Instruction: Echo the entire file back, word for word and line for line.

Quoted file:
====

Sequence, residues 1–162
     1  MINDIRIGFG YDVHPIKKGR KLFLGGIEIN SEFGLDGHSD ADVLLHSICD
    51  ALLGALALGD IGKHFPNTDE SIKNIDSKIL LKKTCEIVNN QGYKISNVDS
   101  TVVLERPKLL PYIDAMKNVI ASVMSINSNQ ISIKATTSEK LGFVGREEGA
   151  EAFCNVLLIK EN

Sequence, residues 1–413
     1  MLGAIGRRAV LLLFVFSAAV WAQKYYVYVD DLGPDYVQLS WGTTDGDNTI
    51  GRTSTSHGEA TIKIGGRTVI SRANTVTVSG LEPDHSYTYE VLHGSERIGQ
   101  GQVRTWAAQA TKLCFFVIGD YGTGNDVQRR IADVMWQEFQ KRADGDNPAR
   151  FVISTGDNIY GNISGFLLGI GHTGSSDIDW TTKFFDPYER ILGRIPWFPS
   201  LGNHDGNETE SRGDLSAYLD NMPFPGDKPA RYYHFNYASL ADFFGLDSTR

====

Sequence, residues 1–162
     1  MINDIRIGFG YDVHPIKKGR KLFLGGIEIN SEFGLDGHSD ADVLLHSICD
    51  ALLGALALGD IGKHFPNTDE SIKNIDSKIL LKKTCEIVNN QGYKISNVDS
   101  TVVLERPKLL PYIDAMKNVI ASVMSINSNQ ISIKATTSEK LGFVGREEGA
   151  EAFCNVLLIK EN

Sequence, residues 1–413
     1  MLGAIGRRAV LLLFVFSAAV WAQKYYVYVD DLGPDYVQLS WGTTDGDNTI
    51  GRTSTSHGEA TIKIGGRTVI SRANTVTVSG LEPDHSYTYE VLHGSERIGQ
   101  GQVRTWAAQA TKLCFFVIGD YGTGNDVQRR IADVMWQEFQ KRADGDNPAR
   151  FVISTGDNIY GNISGFLLGI GHTGSSDIDW TTKFFDPYER ILGRIPWFPS
   201  LGNHDGNETE SRGDLSAYLD NMPFPGDKPA RYYHFNYASL ADFFGLDSTR